Head coach Roger Hughes saw Princeton’s performance as a positive sign for a team that had struggled on offense in its first three games. “With that kind of effort every time,” he said, “we’re going to have a chance to win every game.”
Playing under the Princeton Stadium lights in a rare Thursday-night game, Peacock was explosive, averaging nearly 14 yards per catch on six receptions. Wornham also played well, completing 19 of 34 passes for 215 yards, two touchdowns, and one interception.
The Raiders entered the game with the most productive rushing attack in the Football Championship Subdivision, averaging 277 yards per game, but the Tigers held firm, allowing 168 yards in the four quarters of regulation.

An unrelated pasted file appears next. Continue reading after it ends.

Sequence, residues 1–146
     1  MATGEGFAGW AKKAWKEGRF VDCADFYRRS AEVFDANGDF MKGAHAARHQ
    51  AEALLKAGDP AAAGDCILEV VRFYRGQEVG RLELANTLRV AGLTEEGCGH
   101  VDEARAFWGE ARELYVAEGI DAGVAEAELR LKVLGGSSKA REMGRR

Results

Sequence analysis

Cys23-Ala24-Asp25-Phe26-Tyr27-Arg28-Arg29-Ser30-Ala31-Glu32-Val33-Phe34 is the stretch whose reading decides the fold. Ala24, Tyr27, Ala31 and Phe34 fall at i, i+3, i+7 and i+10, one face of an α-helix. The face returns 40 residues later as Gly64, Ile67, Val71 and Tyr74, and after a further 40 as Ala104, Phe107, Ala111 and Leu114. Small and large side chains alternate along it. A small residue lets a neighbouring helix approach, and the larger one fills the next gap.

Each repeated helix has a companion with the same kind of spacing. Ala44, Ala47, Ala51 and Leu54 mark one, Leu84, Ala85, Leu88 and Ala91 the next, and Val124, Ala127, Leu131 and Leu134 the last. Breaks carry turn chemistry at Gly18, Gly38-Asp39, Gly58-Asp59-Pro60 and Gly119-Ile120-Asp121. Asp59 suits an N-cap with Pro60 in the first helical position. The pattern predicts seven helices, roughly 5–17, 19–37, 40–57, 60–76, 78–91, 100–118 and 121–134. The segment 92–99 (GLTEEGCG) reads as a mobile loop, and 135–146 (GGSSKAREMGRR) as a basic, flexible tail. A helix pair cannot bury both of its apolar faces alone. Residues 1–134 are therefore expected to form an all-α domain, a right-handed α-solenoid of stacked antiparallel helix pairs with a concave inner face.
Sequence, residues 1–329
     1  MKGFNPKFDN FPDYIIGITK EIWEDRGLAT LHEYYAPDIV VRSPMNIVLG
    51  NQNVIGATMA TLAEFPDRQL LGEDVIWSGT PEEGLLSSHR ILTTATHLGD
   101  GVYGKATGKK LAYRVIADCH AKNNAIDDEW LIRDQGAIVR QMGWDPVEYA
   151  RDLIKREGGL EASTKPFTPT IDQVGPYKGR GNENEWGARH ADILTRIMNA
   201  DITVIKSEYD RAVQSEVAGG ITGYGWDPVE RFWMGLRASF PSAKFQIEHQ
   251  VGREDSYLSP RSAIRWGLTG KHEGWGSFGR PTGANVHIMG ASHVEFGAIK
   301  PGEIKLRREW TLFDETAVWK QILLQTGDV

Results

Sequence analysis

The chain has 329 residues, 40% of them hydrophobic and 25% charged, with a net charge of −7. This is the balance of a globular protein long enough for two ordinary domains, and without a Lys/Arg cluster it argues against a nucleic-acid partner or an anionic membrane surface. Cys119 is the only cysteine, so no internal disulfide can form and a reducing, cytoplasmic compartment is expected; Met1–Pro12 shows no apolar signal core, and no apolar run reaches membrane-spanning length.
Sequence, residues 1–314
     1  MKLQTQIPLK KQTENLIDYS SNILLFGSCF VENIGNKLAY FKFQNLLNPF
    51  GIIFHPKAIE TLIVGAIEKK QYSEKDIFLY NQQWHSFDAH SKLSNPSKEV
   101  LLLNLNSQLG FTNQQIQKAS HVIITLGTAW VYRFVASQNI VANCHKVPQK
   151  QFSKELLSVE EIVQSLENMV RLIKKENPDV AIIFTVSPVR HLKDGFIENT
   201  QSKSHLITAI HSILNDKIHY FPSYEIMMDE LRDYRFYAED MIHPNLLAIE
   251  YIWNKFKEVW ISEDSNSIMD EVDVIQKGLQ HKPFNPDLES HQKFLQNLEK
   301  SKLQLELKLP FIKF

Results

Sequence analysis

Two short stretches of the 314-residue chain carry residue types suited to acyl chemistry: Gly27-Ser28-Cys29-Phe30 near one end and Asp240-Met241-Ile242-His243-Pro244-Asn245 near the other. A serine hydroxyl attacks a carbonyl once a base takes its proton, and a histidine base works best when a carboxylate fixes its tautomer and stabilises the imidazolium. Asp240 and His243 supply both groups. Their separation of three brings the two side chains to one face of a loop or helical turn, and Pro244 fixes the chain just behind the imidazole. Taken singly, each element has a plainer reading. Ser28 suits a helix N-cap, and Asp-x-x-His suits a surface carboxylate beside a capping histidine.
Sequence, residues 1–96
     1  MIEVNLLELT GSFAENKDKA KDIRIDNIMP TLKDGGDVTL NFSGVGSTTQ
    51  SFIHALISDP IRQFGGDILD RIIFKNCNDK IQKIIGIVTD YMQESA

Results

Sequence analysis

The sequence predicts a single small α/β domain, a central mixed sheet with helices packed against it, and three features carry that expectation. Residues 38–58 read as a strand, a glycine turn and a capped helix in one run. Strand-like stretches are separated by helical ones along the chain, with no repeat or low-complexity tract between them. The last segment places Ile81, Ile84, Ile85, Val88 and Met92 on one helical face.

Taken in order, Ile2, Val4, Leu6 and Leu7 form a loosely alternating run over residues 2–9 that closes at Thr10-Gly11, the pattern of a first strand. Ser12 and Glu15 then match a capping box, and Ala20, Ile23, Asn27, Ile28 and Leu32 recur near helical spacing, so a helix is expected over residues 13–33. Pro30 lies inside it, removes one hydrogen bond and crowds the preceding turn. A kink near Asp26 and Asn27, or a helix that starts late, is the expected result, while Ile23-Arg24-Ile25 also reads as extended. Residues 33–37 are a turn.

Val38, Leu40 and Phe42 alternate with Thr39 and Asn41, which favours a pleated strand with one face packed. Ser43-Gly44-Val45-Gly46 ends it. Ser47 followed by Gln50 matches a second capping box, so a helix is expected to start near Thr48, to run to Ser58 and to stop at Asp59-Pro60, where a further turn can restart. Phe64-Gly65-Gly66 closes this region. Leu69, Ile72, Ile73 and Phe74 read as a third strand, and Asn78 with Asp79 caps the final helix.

Princeton’s defensive secondary made a key stand in the fourth quarter, knocking down a series of passes when Colgate was threatening to move into position for a late field-goal attempt.
In overtime, Colgate (6–0) abandoned the passing game and rediscovered its rushing dominance, running the ball on 14 straight plays and scoring two touchdowns.Princeton (1–3) scored in its first overtime possession on a 23-yard pass from Wornham to Andrew Kerr ’11. On the second drive, the Tigers struggled and quickly found themselves facing a long fourth-down play. Wornham rolled right, eluded two defenders, and threw to Peacock, but the pass was out of reach.